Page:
Cooking With Greens

  in Blog

Why You Should Eat Your Greens

Besides the fact that greens are high in vitamins including C and E, minerals including calcium, beta carotene and fiber, they are just plain delicious! Fresh greens, from kale to spinach, are available year round. Read on for information, suggestions, and recipes.

Prepping Greens

Wash greens thoroughly as they can be gritty and have a few insects (except boxed baby greens; those are already washed.) To prepare most greens, tear or cut each leaf from its thick center stems; discard stems (except for chard stems which can be cooked separately.) Remove the stems by holding the leaf in your left hand and stripping the leaf down with your right hand. Or use a chef’s knife to quickly slice the leaf along the stem. Then chop or cut into strips as the recipe calls for.

Swiss Chard

Chard has deep green color with shiny leaves and stems. Chard stems can be white, red, yellow or orange. The thick, fleshy stems are a somewhat tough so they are usually cooked separately. Chard is good stir-fried, braised in broth or water, steamed or boiled.  It’s good in soups or to use as a wrap for rolls. Chard is a good source of beta-carotene, vitamin C, and B vitamins.


When cooking spinach bunches, wash well and remove the tough stems first. Baby spinach is tender and great for fresh salads, a quick stir fry, or creamed. Spinach is high in iron, potassium, sodium and magnesium. It cooks very quickly, in a minute, so be careful not to overcook. It also cooks way down so be sure to get enough for your recipe.


Kale is a bitter green and is excellent braised, steamed, sautéed and stir-fried and can be added to soups, stews, pastas, and baked dishes. Kale leaves should be crisp and free of discolorations. Remove stems before cooking. Kale can be cooked for a short time but it will be chewy. Longer cooking will make it tender. Kale is a great source of vitamin A, iron, calcium and chlorophyll.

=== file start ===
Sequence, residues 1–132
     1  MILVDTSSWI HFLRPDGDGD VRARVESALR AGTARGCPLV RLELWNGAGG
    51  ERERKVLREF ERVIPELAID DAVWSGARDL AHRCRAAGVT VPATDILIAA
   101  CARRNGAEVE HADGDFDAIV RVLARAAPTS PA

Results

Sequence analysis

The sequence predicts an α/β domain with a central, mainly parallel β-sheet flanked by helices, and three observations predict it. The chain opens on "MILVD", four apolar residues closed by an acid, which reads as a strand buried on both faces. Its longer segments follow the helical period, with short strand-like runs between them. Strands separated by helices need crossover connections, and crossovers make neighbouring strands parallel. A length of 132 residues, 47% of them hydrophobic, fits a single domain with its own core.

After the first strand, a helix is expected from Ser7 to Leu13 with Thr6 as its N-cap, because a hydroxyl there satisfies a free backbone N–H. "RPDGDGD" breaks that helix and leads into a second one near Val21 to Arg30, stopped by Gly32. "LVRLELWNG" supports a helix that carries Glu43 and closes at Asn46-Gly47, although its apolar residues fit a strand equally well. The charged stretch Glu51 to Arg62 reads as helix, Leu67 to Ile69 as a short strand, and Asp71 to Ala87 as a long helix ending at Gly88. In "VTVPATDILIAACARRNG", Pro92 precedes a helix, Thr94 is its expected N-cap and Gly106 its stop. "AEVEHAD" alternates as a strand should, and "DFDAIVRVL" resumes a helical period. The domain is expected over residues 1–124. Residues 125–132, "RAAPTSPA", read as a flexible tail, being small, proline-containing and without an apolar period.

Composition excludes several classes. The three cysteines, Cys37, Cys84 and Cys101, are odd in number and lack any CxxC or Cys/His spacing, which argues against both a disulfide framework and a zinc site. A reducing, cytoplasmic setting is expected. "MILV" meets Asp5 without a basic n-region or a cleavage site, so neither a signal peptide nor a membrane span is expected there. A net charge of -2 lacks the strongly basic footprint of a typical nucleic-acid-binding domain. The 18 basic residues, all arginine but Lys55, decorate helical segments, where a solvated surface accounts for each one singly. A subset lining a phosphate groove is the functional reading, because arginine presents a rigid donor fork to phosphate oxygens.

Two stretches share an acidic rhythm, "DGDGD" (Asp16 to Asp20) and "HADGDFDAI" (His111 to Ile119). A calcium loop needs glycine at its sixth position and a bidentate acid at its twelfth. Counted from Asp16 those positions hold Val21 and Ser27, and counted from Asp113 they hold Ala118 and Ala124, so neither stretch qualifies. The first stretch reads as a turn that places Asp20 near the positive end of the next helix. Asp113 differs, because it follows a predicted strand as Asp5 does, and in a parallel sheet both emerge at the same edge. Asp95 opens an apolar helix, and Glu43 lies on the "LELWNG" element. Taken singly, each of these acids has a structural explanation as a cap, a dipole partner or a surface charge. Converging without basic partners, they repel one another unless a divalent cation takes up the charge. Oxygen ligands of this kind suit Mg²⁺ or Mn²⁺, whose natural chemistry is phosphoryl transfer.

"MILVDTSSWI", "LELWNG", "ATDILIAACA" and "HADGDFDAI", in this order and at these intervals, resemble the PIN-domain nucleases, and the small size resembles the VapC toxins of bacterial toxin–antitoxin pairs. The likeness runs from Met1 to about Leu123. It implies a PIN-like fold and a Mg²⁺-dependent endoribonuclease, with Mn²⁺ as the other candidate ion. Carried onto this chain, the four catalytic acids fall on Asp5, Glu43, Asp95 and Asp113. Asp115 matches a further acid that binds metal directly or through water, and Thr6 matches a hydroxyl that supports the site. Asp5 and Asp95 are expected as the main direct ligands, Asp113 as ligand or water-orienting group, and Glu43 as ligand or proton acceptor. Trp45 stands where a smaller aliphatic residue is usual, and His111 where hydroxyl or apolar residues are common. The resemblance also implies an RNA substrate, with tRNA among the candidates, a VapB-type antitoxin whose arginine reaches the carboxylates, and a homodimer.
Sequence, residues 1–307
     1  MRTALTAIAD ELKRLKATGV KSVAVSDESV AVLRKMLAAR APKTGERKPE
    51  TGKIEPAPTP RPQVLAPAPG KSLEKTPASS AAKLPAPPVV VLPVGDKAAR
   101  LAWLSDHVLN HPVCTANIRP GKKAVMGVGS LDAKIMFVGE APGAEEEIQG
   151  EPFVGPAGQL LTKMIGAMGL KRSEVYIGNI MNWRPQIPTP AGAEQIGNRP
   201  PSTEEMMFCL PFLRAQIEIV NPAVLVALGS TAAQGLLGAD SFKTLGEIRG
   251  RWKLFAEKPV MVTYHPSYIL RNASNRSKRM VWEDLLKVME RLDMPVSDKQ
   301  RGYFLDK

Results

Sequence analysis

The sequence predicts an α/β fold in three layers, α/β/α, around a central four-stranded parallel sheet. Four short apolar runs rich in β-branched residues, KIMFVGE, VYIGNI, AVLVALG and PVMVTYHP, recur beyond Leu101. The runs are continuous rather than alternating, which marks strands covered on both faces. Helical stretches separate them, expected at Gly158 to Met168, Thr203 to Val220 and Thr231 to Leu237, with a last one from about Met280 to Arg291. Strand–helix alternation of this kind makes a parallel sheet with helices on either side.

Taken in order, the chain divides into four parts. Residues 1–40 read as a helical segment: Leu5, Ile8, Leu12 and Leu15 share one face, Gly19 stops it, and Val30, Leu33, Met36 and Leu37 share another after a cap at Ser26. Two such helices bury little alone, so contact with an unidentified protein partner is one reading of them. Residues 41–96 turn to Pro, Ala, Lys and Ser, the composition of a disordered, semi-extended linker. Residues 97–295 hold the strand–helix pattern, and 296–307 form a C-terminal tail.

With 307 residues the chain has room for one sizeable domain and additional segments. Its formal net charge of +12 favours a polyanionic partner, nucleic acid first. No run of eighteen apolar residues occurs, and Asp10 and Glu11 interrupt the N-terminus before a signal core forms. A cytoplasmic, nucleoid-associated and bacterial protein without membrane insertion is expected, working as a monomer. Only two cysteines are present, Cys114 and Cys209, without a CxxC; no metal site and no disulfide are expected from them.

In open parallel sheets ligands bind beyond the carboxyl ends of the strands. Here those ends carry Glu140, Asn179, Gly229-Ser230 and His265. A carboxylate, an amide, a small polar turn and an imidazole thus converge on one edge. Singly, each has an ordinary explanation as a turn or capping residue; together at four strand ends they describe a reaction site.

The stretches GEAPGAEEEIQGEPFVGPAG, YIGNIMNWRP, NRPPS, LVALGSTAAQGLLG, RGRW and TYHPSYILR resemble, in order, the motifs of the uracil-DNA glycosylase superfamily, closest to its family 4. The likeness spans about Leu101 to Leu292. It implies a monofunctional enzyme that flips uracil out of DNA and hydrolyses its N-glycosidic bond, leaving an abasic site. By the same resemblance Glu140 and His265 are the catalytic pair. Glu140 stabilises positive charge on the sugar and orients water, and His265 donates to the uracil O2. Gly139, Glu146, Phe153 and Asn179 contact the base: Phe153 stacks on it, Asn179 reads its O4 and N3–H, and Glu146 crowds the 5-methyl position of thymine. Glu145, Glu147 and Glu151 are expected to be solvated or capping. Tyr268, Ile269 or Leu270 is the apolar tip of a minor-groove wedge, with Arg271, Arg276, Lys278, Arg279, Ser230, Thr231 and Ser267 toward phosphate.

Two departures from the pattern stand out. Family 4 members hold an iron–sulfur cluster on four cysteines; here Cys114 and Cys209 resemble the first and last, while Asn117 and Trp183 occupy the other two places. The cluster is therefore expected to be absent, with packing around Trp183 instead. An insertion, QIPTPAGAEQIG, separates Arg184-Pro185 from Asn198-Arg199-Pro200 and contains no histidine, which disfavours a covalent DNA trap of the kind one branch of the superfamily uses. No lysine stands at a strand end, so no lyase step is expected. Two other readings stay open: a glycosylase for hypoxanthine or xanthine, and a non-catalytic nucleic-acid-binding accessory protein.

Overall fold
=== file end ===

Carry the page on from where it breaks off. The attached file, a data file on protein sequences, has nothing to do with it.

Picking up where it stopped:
Collard Greens

Collard greens are a member of the cabbage family and are a common cooking ingredient in the south. The traditional way to cook collards is to boil or simmer slowly with a piece of salt pork or ham hock for a long time (this tempers the tough texture and smoothes out the bitter flavor) until they are very soft. When buying collards, choose dark green leaves with no wilting or yellowness. Collard greens will cook down, so purchase enough for your recipe. Fresh collard greens may be stored in a plastic bag in the refrigerator for up to 5 days.

Bok Choy

Bok choy is a Chinese cabbage with white stalks and dark green, crinkly leaves. The stems have a mild cabbage flavor and the leaves are very tender when cooked. Bok choy is a good source of vitamin C, folate and fiber. To prepare , cut off the bottom of the bunch, separate the leaves, and tear or thinly slice greens. Slice the stalks into thin strips and braise or stir fry for 3–5 minutes, then add the greens.


Braised Collards with Tomatoes
Coconut Milk Braised Greens
Greens with Beans and Tempeh
Kale and Spinach Dip
Mashed Potato Kale Cakes
Summer Greens with Sausage
Bok Choy and Buckwheat Noodles in Seasoned Broth
Chicken Soup with Rice and Kale